Ahh, the preseason. Finally a game to watch, a game from which to make judgments instead of practice after practice.
But how much can be judged? That’s always the big question. Inevitably, we will be told that what we saw as media and fans wasn’t enough to know what’s what – like Matt Leinart’s bad game in Oakland in 2008 that, according to coaches, didn’t torpedo his chances to start.
But it is football. So the top five things I hope to see are:
— Leinart taking control. It’s early and Leinart’s playing time will be limited. Coach Ken Whisenhunt said he’s looking for intangible things as much as tangible, like the way Leinart works the huddle. Makes sense to me. Playing quarterback is about talent, but it’s as much about making guys believe they can follow you to victories. That’s what Leinart had in college (and, I believe, what he had when he first showed up in Arizona).
And yes, I want to see how Derek Anderson performs too, but I think this week, it’s mostly about Matt.
— Toler playing well on an island. In this vanilla-type of game, Greg Toler (and the other cornerbacks) will have a chance at one-on-one coverage. It’s not the easiest baptism, but necessary. Toler needs to make a play or two and take a step forward toward a starting job that, in my opinion, the Cards need him to grab hold.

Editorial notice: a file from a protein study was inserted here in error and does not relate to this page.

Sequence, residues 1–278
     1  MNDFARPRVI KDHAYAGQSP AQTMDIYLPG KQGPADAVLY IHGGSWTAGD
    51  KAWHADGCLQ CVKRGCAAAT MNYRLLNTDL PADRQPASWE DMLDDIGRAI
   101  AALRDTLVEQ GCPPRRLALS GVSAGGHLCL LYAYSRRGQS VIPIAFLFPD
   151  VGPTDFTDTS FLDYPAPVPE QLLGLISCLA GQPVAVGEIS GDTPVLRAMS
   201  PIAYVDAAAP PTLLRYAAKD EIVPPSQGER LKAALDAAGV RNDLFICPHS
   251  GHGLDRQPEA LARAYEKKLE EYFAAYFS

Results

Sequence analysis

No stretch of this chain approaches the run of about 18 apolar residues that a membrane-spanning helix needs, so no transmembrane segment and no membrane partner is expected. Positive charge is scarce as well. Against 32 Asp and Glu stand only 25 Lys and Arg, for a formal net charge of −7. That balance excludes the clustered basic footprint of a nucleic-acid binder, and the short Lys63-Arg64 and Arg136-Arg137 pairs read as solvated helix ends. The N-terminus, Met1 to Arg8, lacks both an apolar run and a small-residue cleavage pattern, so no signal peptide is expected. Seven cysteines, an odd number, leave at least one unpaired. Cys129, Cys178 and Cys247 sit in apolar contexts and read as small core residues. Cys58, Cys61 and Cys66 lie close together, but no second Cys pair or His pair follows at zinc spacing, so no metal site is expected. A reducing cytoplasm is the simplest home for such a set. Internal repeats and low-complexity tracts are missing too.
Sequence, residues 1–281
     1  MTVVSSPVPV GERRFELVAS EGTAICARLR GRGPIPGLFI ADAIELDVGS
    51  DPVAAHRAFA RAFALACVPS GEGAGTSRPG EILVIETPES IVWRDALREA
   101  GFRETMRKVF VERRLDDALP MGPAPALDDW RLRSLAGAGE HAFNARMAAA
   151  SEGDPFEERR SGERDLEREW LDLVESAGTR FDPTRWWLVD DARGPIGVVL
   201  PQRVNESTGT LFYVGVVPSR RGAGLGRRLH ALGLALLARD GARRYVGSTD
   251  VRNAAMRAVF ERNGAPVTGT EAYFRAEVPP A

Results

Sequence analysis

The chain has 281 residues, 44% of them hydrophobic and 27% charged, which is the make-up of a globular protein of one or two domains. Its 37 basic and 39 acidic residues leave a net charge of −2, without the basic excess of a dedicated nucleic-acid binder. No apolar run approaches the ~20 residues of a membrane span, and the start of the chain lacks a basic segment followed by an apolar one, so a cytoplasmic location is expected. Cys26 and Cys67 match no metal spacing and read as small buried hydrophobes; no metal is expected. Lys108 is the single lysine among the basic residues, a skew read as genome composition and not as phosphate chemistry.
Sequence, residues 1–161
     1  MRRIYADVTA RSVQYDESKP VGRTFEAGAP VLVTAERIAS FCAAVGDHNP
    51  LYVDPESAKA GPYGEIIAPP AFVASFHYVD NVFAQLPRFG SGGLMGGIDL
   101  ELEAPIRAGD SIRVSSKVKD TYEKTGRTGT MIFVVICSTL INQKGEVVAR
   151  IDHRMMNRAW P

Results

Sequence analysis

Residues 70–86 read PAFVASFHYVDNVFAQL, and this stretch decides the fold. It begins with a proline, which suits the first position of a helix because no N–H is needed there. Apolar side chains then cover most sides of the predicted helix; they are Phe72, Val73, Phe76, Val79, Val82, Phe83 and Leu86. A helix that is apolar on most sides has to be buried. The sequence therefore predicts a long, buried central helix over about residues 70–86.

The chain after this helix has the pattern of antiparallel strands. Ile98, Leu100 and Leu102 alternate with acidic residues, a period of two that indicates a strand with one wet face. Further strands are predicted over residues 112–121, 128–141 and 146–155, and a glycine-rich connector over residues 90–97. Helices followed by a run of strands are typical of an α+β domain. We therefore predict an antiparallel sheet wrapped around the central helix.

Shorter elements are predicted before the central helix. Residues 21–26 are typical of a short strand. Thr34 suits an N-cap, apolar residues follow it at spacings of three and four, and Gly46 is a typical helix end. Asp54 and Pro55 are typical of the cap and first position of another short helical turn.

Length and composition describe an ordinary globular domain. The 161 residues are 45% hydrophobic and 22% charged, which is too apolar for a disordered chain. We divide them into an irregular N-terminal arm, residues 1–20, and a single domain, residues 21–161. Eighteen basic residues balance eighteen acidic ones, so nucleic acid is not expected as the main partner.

— Who makes an impact at linebacker. The coaches like what Paris Lenon has done so far. But can rookie Daryl Washington avoid some rookie mistakes? Joey Porter and Clark Haggans are givens. But can Cody Brown look as improved against another team as he has against some of the Cards’ second-stringers? What outside linebackers hoping to make the team – a Stevie Baggs, a Mark Washington, for instance – can do enough to earn further consideration?
— Who can handle the bright lights. Wide receiver Stephen Williams has played well at camp, and quarterback Max Hall has impressed (and at this point, has clearly outplayed John Skelton). But that’s just in practice. When the lights go on, the stakes change. They and a bunch of other younger guys need to prove the play can carry over.
— Deuce versus Reggie versus the whole offensive line. Can Deuce Lutui play well enough to push Reggie Wells out of the starting five? How will Alan Faneca look? Levi Brown at left tackle instead of right? Brandon Keith as starter? The Texans have a pretty decent defensive line, so the starters should get a little bit of a test.
Tags: Alan Faneca, Brandon Keith, Clark Haggans, Cody Brown, Daryl Washington, Derek Anderson, Deuce Lutui, Greg Toler, Joey Porter, John Skelton, Ken Whisenhunt, Levi Brown, Mark Washington, Matt Leinart, Max Hall, Paris Lenon, Reggie Wells, Stephen Williams, Stevie Baggs, Texans, training camp